Steve,Chris, and Kelly

There is an epidemic afoot, a plague on households across the land. It is an equal opportunity offender, impacting rich and poor, black and white. The opioid crisis is getting worse. The number of deaths from opioids in 2017 was six times higher than in 1999. According to the CDC, drug overdoses killed more than 700,000 people from 1999-2017 in just the United States.

The numbers can’t begin to tell the whole story of devastation and grief. More evidence of how pervasive it is: Almost all of us know someone who is dealing with drug use in some way.

I have definitely dealt with it. It started with a few white lies and ended with death for my sons, Christopher and Kelly. Both died before the age of 25. They were my only sons, and I miss them every day.

My wife and I raised them in as close to an idyllic setting as possible. As their father, I did the best I could for them. I had a good job and worked every day. I coached their sports teams. I went to all the school functions and parent-teacher conferences. I modeled, as best as I knew how, what a good life looks like.

Then, one day, trouble came calling. At first it was just a whisper, a hint of trouble and deceit here and there from my boys who, until then, had been as trustworthy as they come. Those small moments were just the first steps down into an abyss filled with anger, sadness, drugs and, eventually, overdose and death.

There’s a line in a Carrie Underwood song called “The Bullet” that says ‘mamas ain’t supposed to bury their sons.’ Fathers shouldn’t either.

As I went through this valley, I often wondered if others like me were going through this, too. I felt alone a lot of the time. I second-guessed myself and wondered if there might be something else I should be doing.

I have learned that this is a common feeling among parents who are doing their best but are still dealing with the scourge of addiction and all that it brings.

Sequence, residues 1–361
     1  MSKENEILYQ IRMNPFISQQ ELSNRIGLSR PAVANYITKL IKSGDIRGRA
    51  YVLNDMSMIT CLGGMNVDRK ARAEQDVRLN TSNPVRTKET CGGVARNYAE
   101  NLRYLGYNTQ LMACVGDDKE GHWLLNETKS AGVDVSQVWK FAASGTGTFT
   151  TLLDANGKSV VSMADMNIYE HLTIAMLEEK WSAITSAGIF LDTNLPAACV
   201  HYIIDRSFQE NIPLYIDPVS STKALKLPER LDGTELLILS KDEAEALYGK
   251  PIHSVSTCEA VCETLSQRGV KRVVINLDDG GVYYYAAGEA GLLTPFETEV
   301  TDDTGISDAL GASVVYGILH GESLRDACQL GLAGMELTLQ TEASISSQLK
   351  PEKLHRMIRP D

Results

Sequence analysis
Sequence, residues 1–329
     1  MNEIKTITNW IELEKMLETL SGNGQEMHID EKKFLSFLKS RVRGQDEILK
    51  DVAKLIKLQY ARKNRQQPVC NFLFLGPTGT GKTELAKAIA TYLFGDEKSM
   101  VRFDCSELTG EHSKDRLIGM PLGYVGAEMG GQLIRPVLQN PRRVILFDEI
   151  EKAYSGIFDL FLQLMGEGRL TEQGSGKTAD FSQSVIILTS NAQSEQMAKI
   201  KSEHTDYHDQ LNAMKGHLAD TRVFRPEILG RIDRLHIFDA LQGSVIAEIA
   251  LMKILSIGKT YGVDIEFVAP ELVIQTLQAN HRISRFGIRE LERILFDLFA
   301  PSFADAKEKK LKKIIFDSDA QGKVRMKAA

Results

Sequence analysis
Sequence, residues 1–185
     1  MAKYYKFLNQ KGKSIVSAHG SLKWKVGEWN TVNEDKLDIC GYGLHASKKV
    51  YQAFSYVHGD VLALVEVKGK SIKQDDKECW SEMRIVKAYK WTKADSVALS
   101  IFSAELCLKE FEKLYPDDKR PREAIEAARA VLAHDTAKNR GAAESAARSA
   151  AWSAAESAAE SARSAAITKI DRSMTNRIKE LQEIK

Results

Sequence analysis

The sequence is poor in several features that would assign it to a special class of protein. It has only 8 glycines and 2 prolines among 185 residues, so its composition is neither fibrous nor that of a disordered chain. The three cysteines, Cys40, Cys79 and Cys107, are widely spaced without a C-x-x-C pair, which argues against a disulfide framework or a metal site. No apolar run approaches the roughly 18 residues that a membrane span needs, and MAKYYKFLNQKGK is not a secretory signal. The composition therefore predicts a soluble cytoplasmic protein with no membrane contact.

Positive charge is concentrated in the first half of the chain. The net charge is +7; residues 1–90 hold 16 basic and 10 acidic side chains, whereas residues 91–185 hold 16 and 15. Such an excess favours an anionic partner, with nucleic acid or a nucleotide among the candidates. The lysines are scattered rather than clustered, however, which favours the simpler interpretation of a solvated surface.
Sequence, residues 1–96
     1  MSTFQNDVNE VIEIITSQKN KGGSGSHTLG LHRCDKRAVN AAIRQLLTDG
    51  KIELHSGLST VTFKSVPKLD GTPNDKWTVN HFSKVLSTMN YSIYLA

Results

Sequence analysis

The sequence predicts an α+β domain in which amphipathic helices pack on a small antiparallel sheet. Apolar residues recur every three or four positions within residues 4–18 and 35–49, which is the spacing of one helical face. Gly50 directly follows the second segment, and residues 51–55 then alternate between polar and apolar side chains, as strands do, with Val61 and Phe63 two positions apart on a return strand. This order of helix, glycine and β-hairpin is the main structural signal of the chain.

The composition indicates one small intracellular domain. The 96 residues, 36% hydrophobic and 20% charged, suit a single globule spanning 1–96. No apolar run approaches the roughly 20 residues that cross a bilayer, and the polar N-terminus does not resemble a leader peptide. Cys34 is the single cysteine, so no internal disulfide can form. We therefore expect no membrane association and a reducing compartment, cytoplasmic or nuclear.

My sons are gone. But I decided that something good should come out of all of this, or else the whole experience would be a waste. I wanted my boys to leave a legacy, and I would see to it with everything in my power that their legacies would be all about helping and encouraging others. I launched the Chris and Kelly HOPE Foundation and began to offer financial aid and encouragement to the efforts of organizations around the country who are on the front lines of this battle.

This space will be a place for honesty. What you will read here will be unvarnished truth. It might be raw and emotional. I hope that you will find solace here, and if you are addicted that you will seek help because there’s a lot of help out there for you. If you are a parent and feeling like you missed something and that you should have done more, I understand completely.

Come along with me. We’ll walk together. Hopefully, you’ll reach out to me and connect in some way.

I’ve written a forthcoming book about my experiences with my sons and moving through grief. I’ll mention it here from time to time, but this is not a marketing column. I hope that my book will be a bestseller, but more importantly, I hope it will be a lifeline to those in need.

Because, at the end of the day, we are all in this together. We need each other’s support. We need to learn from each other. And if we do, maybe, just maybe, we’ll win this fight.